Thursday, 13 September 2012
Liverpool and sorry and justice for all?
One of the most moving sights on TV in recent days has been the families from Liverpool whose loved ones were killed at Hillsborough so long ago. I don't understand it but it does seem that David Cameron saying he's deeply sorry in the British House of Commons means quite a bit to them. As did his almost word-for-word apology to the Derry families who lost loved ones on Bloody Sunday. The one difference that strikes me is that the apology was followed almost immediately by talk of justice by was it Cameron or Clegg. Frankly, that sounds more like it. Your loved one died a cruel and unnecessary death, decades later someone says "Oh, sorry" - and that's it? The families in Liverpool shouldn't have to call for justice - the state should deliver justice without being asked.
You'll have noticed too I expect that Cameron's word-for-word to the Derry families stopped short of the word "justice". Is that a way of saying that relatives of innocents killed by the stupidity and incompetence of higher-ups in the South Yorkshire police force are more deserving of justice than relatives of innocents killed, not by stupidity and incompetence of higher-ups in the British army (and beyond), but by the deliberate actions and commands? Not to mention the almost identical cover-up in both cases. I find it hard to believe that the fair-minded British public (they are fair-minded, aren't they?) wouldn't demand justice for the Liverpool families and the Derry families. But I can't recall hearing any such demands.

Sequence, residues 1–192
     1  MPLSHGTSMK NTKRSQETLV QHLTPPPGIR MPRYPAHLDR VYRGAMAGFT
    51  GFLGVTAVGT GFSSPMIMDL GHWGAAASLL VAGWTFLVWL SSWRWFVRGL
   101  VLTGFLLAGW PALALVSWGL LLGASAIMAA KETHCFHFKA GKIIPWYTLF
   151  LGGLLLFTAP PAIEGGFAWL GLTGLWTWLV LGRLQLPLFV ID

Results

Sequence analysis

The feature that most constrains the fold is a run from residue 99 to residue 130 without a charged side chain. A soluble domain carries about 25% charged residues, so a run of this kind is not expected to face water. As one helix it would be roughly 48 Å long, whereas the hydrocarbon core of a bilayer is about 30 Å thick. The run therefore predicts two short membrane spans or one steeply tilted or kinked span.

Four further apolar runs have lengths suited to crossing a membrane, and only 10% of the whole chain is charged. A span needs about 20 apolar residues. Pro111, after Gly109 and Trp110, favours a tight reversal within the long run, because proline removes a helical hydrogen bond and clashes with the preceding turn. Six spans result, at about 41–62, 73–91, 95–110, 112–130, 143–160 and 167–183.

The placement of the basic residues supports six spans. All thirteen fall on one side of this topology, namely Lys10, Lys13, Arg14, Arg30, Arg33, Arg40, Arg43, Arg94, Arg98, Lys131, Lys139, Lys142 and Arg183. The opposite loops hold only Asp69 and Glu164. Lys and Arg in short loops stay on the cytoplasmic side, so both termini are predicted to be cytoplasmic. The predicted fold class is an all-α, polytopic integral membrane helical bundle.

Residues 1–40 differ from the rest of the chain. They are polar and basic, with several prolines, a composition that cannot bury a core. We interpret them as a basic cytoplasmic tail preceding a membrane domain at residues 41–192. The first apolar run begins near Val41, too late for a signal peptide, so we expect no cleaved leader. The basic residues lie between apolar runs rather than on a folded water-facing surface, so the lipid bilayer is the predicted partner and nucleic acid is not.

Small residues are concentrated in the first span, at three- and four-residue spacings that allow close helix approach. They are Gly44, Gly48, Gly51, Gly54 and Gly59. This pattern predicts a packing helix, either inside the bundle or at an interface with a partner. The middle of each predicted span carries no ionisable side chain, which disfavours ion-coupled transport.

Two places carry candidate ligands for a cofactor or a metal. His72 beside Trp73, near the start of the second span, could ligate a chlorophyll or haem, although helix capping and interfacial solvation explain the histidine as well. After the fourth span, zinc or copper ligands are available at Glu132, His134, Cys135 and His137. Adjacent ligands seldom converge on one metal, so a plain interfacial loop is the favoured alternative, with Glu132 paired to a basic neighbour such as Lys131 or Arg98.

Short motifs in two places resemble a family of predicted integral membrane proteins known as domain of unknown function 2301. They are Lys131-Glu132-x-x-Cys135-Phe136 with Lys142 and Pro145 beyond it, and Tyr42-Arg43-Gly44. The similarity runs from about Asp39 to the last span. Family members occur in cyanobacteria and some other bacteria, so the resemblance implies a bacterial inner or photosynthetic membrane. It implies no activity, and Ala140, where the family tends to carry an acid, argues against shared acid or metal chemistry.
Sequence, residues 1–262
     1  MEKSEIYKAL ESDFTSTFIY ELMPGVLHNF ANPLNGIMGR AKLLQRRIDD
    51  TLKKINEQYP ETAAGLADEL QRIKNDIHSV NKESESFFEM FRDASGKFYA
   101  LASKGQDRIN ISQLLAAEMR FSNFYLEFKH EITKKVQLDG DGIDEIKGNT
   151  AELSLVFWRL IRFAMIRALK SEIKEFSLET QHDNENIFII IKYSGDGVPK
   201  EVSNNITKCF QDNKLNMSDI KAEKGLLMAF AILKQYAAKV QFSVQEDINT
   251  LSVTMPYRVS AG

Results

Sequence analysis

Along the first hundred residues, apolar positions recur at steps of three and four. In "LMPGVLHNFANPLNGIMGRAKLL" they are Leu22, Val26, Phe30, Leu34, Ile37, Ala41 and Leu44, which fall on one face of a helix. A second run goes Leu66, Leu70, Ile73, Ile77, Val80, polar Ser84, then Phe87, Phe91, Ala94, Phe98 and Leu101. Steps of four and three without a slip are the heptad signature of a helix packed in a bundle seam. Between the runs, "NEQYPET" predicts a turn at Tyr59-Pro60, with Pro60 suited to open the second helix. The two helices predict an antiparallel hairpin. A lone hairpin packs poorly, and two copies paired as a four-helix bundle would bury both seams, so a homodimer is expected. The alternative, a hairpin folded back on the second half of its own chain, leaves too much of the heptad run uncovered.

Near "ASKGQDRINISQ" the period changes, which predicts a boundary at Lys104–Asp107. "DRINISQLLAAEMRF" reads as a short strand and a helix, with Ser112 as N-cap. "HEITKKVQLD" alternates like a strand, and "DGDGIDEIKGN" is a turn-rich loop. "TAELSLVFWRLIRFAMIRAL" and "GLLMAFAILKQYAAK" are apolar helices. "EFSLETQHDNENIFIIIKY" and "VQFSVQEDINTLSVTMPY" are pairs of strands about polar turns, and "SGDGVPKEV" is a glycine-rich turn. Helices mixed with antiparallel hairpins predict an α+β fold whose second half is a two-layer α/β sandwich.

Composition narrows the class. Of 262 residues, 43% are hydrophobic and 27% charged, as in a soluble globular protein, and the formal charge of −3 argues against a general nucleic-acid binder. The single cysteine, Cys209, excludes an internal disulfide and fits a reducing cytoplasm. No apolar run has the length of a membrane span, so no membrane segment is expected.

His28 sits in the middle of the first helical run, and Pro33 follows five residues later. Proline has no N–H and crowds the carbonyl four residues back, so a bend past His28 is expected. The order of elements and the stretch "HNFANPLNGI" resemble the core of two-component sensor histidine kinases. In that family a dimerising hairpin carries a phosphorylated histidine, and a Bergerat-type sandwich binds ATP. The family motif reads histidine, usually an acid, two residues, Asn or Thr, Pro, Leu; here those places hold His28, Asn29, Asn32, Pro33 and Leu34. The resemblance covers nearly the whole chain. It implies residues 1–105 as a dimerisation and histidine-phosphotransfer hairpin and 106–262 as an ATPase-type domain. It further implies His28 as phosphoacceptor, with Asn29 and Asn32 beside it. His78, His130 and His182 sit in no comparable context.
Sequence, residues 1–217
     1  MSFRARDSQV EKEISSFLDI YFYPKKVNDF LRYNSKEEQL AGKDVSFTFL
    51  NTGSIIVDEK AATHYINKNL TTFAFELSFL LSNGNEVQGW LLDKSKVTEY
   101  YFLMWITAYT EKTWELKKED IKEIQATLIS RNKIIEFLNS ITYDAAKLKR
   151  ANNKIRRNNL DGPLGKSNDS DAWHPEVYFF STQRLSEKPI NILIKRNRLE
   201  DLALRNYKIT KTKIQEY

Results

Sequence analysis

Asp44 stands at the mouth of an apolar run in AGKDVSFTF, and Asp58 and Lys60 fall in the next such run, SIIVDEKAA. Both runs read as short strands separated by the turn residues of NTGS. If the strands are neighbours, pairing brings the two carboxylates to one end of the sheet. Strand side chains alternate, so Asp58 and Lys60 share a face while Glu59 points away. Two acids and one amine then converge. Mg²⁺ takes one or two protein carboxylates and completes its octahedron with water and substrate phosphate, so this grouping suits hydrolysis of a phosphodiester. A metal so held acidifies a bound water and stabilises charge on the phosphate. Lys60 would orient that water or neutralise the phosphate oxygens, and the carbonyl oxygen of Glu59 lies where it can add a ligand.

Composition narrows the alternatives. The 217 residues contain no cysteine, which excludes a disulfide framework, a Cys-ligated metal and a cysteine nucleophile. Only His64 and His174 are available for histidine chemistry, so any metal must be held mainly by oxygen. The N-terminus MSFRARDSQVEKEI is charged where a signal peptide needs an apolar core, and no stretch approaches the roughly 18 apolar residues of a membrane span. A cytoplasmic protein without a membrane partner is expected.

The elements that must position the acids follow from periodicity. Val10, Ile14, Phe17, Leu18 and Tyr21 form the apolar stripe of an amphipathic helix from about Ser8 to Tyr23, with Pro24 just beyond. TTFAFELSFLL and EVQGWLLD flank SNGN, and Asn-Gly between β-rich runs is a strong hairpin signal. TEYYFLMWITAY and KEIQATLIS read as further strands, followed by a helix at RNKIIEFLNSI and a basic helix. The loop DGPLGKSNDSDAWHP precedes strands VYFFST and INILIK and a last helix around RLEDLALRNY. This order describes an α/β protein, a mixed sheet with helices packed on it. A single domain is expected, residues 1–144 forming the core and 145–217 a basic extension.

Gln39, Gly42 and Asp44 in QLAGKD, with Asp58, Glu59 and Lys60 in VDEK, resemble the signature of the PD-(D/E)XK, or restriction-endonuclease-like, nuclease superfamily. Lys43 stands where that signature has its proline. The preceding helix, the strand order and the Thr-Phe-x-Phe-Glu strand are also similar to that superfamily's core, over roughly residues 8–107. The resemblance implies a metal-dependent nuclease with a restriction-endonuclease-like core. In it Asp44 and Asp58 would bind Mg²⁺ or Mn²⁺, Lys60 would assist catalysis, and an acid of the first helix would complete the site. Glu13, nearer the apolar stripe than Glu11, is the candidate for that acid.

Meanwhile, An Taoiseach today met with those families who lost loved ones in the Kingsmill massacre. They too deserve justice. As do the families who lost loved ones in the Dublin/Monaghan bombs. But it seems that some barbaric acts are more worthy of attention than others. What's it called? Ah yes. A hierarchy of victims. The law is a ass and justice is a joke.